Centre said the term Love Jihad was not defined under the laws. (Photo Credit: Representational Image)
The Narendra Modi government on Tuesday informed Parliament that the term 'Love Jihad' – often used by BJP leaders - is not defined under the extant laws and no case of so called 'Love Jihad' has been reported by any of the central agencies. Union Minister of State for Home G Kishan Reddy said that the Article 25 of the Constitution provides for the freedom to profess, practice and propagate religion subject to public order, morality and health. Various courts, including the Kerala High Court, have upheld this view.
"The term 'Love Jihad' is not defined under the extant laws. No such case of 'Love Jihad' has been reported by any of the central agencies," he said in reply to a written question.
The minister, however, said two cases from Kerala involving inter-faith marriage have been probed by the National Investigation Agency (NIA). The minister was referring to the case of Akhila Ashokan popularly known as Hadiya, a 24-year-old woman from Kerala who converted to Islam to marry a Muslim man.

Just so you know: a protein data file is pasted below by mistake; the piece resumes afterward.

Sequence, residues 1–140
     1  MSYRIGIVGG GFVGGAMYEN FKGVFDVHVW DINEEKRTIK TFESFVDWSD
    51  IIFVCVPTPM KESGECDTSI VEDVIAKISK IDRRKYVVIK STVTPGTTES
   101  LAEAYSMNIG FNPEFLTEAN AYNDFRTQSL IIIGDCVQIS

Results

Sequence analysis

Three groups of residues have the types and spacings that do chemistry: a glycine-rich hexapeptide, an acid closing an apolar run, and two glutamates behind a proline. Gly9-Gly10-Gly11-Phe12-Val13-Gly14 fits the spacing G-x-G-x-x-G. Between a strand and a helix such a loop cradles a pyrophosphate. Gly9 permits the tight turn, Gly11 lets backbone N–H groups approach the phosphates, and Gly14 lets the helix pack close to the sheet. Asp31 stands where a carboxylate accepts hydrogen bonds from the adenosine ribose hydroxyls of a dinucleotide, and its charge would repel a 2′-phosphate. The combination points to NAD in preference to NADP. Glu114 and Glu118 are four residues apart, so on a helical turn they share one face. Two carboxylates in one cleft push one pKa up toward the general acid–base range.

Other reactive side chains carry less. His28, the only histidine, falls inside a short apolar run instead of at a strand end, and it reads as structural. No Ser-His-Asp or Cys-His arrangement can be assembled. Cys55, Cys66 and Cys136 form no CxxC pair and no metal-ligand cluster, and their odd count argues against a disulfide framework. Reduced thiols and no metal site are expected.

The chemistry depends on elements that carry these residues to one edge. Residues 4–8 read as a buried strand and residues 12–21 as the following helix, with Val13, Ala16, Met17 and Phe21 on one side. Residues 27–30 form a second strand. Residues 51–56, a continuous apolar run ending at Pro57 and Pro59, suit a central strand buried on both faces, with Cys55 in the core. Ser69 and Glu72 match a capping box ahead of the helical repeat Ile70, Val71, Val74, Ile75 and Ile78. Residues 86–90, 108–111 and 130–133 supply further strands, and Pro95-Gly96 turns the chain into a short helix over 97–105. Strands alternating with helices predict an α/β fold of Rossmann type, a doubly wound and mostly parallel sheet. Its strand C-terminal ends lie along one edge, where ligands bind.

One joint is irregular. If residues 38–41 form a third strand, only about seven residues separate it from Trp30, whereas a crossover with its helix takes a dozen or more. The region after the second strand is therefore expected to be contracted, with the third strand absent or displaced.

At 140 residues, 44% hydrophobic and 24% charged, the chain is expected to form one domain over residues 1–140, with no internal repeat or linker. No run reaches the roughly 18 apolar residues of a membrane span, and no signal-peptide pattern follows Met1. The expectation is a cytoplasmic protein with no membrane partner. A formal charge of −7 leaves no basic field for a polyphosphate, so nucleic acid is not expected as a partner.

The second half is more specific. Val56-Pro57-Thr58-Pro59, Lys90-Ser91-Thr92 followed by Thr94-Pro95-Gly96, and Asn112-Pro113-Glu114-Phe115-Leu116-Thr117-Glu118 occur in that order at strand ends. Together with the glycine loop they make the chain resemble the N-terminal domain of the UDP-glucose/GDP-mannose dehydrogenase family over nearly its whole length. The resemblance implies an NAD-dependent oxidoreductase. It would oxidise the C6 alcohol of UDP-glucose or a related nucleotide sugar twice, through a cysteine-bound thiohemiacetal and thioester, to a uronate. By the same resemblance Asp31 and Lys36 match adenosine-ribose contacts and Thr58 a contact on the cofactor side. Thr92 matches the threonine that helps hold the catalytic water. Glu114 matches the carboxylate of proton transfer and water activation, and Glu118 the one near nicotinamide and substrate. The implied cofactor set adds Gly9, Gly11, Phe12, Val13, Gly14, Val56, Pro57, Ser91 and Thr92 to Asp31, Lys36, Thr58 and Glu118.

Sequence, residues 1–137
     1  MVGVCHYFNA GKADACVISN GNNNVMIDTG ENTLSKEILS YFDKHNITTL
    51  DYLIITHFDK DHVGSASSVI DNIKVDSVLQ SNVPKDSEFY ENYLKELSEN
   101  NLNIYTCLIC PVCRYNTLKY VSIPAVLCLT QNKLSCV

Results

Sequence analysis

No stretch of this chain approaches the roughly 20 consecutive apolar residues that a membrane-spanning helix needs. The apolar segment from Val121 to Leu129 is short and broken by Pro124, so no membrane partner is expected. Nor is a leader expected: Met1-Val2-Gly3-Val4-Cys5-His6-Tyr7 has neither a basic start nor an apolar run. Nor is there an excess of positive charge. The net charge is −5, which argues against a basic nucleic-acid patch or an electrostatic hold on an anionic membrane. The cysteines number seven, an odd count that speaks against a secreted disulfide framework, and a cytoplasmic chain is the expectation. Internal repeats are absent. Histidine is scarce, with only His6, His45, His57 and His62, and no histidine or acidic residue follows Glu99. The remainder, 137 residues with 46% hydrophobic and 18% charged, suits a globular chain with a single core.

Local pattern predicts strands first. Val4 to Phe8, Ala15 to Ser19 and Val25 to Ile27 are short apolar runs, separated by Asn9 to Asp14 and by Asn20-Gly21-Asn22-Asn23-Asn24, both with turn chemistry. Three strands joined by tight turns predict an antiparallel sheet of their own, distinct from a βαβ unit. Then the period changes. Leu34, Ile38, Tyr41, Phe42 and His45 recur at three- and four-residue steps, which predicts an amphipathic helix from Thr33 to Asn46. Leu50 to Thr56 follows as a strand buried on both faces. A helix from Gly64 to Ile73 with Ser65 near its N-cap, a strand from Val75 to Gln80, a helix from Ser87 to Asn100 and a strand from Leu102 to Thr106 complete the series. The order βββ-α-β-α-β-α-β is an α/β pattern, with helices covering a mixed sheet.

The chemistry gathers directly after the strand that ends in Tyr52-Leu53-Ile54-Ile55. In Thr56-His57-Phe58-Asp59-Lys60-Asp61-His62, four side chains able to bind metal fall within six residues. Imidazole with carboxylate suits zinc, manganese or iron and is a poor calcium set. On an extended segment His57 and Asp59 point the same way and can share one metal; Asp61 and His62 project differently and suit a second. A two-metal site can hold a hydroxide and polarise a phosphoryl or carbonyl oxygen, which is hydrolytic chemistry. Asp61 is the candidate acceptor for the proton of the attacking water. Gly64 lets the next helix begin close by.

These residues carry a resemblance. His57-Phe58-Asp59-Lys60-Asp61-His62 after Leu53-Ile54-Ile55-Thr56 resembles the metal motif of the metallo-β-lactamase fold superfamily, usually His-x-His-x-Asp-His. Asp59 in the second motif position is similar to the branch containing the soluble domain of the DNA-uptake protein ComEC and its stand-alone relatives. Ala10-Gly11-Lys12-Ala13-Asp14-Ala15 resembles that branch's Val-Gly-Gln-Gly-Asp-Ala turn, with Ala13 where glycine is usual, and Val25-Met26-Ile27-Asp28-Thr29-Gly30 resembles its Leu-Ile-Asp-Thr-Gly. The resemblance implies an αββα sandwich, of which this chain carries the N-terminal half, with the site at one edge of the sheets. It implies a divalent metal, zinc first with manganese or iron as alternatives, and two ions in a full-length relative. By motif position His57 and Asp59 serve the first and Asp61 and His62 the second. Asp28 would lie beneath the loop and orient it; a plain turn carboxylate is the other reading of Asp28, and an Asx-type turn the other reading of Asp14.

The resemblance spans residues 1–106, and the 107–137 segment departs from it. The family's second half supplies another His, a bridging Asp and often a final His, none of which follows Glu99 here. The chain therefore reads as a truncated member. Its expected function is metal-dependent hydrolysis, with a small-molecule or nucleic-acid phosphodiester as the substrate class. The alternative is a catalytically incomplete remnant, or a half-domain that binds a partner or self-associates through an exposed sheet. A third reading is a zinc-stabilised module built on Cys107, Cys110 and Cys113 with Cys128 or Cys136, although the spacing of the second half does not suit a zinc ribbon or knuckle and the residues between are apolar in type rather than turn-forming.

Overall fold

Her marriage was annulled by the Kerala High Court but the Supreme Court in March 2018 overruled the High Court's judgment and allowed Hadiya to live with her husband. The case was termed as 'Love Jihad' and NIA had probed the terror angle.
The Kerala High Court had given the judgment on a plea by Hadiya father, who had alleged that his daughter was brainwashed and forced to convert to Islam as a victim of 'Love Jihad'. She, however, maintained that she embraced the religion of Islam on her free will.